Screen ‘Em: 7 Movies Perfect for YA Readers

There are many YA novels adapted to film (and TV), but for some readers and movie enthusiasts there are just not enough. Maybe the wait for your favorite book to be adapted is too long, or maybe it’s already happened and now that you’ve seen it, you feel a black hole in your TBW (to be watched).

Perhaps you’ll enjoy some of these movies and series that, while not adapted from books, should appeal to readers of YA. Some are specifically aimed at teens, while others are more for general audiences or even adults, but with obvious crossover appeal. Most of these are rated R, which I think says something about media that’s made about teens, but is not necessarily accessible to teens—but that’s a longer conversation, and one I don’t feel qualified to start. A lot of them are also directed by men, and most of them are directed by white people.

I haven’t seen all of these myself, so I’ve included descriptions from IMDb in quotes, with my own notes accompanying them. Please hit up the comments with any other suggestions!

Thoroughbreds (2017), d. Cory Finley

“Two upper-class teenage girls in suburban Connecticut rekindle their unlikely friendship after years of growing apart. Together, they hatch a plan to solve both of their problems—no matter what the cost.”

This is the movie that inspired the post—Book Riot editor Kelly Jensen suggested building a list based off of it, and I jumped at the idea! Rated R.

Eighth Grade (2018), d. Bo Burnham

“An introverted teenage girl tries to survive the last week of her disastrous eighth grade year before leaving to start high school.”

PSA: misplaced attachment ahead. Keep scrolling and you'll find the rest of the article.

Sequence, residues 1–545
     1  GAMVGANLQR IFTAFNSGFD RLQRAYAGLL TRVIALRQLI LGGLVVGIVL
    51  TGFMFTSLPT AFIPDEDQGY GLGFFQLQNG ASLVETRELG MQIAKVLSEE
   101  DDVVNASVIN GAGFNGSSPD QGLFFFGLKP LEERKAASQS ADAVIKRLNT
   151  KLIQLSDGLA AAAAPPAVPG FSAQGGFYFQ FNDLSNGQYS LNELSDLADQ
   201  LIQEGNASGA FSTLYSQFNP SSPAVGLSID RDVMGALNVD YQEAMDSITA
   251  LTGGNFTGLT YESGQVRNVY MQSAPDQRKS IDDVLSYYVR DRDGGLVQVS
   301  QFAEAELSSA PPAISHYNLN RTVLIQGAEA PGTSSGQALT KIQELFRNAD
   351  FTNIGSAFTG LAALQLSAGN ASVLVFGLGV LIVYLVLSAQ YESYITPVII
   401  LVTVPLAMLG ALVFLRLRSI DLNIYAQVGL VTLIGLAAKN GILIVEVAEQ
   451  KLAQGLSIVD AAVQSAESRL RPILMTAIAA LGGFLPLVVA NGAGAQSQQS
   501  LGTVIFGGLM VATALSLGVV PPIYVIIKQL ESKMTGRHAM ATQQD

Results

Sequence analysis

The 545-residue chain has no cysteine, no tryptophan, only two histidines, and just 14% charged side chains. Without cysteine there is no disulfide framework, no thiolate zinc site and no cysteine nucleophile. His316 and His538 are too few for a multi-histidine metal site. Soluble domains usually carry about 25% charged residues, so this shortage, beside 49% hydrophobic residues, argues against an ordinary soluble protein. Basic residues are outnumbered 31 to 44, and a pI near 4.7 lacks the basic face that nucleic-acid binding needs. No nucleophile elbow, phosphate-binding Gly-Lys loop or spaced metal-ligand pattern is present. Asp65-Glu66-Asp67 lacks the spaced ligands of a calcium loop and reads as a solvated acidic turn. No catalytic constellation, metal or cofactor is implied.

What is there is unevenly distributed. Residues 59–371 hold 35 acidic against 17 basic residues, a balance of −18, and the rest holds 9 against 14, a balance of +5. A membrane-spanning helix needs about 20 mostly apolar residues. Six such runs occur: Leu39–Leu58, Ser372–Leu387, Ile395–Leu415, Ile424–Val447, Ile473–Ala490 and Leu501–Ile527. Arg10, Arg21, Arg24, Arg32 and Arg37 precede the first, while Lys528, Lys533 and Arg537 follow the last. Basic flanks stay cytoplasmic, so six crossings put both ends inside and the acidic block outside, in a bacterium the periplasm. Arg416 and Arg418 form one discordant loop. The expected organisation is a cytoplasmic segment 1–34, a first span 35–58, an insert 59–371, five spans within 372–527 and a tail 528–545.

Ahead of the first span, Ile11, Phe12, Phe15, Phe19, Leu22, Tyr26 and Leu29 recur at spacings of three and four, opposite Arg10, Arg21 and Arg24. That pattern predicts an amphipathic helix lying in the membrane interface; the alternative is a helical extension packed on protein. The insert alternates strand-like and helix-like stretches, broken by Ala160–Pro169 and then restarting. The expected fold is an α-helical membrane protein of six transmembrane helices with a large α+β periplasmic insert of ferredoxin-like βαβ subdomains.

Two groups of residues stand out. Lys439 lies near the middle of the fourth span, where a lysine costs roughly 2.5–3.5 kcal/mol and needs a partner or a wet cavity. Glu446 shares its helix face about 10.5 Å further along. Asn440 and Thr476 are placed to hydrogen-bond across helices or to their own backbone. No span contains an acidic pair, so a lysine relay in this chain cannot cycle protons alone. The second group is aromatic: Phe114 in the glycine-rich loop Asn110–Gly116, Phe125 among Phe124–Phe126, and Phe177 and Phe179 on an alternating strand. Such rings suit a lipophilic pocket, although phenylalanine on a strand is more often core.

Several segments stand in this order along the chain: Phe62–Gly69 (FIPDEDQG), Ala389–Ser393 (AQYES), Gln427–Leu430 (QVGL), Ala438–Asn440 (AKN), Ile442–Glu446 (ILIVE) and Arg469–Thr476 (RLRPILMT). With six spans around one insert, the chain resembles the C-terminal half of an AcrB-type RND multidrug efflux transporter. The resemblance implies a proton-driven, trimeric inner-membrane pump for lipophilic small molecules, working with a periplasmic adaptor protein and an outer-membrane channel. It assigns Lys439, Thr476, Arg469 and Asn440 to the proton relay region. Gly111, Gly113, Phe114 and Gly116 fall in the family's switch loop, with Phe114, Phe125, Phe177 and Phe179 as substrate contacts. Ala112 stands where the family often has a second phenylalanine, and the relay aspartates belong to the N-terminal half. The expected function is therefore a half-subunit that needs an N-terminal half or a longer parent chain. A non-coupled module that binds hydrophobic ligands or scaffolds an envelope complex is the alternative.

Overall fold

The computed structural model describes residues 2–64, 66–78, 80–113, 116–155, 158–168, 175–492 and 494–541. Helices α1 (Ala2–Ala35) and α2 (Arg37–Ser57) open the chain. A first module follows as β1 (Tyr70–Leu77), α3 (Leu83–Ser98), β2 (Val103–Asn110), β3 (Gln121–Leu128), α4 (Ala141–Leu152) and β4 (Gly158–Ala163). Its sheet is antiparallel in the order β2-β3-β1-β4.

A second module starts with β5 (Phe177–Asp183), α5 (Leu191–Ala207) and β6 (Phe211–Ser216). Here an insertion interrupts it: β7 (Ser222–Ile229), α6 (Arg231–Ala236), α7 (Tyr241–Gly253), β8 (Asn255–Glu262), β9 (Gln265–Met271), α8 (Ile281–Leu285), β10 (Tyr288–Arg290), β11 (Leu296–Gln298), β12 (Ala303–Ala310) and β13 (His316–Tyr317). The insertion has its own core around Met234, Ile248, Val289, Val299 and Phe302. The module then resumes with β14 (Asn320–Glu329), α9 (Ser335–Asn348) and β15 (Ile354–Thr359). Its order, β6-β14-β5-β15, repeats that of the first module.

Also Kelly’s suggestion, this one looks like it might hit a liiiiittle too close to home for me. Rated R.

The Edge of Seventeen (2016), d. Kelly Fremon Craig

“High-school life gets even more unbearable for Nadine when her best friend, Krista, starts dating her older brother.”

FINALLY a female director, wow a lot of men make movies about teenage girls wtf. (Related: where are the movies for/about teen boys?) Rated R.

Mustang (2015), d. Deniz Gamze Ergüven

“When five orphan girls are seen innocently playing with boys on a beach, their scandalized conservative guardians confine them while forced marriages are arranged.”

While this deals with heavier topics, the movie is rated PG-13, making it accessible to the teens it is for.

Lady Bird (2017), d. Greta Gerwig

“In 2002, an artistically inclined seventeen-year-old girl comes of age in Sacramento, California.”

There is an argument to be made that coming-of-age stories told in the past are not YA. I won’t bother making that argument, though. Rated R.

The To Do List (2013), d. Maggie Carey

“Feeling pressured to become more sexually experienced before she goes to college, Brandy Klark makes a list of things to accomplish before hitting campus in the fall.”

Ummm I must see this Aubrey Plaza–starring movie IMMEDIATELY. Rated R.

 

 

And coming soon:

Sierra Burgess is a Loser (September, 2018), d. Ian Samuels

“A case of mistaken identity results in unexpected romance when the most popular girl in high school and the biggest loser must come together to win over their crushes.”

This Netflix original retelling of Cyrano de Bergerac already has me excited—I hope it lives up to my own personal hype! PG-13.

In Other Pop Culture News

5 of Your New Favorite Book Club Apps

9 Romance Authors to Follow on Pinterest

2019 Star Wars Books Fleshing Out the Prequels

Recent YA Posts on Book Riot

Teacher-Student Relationships: A Dangerous Trope

Why You Can’t Read the Classics too Early

24 Poetry Books for Teens to Devour

ICYMI

The Netflix adaptation of Jenny Han’s To All The Boys I’ve Loved Before hit today! You might want to get on that.

Which Song-Covey Sister Are You?

The Best Cookies for your To All The Boys I’ve Loved Before Viewing Party

Sign up for What's Up In YA? to receive all things young adult literature.
VIEW COMMENTS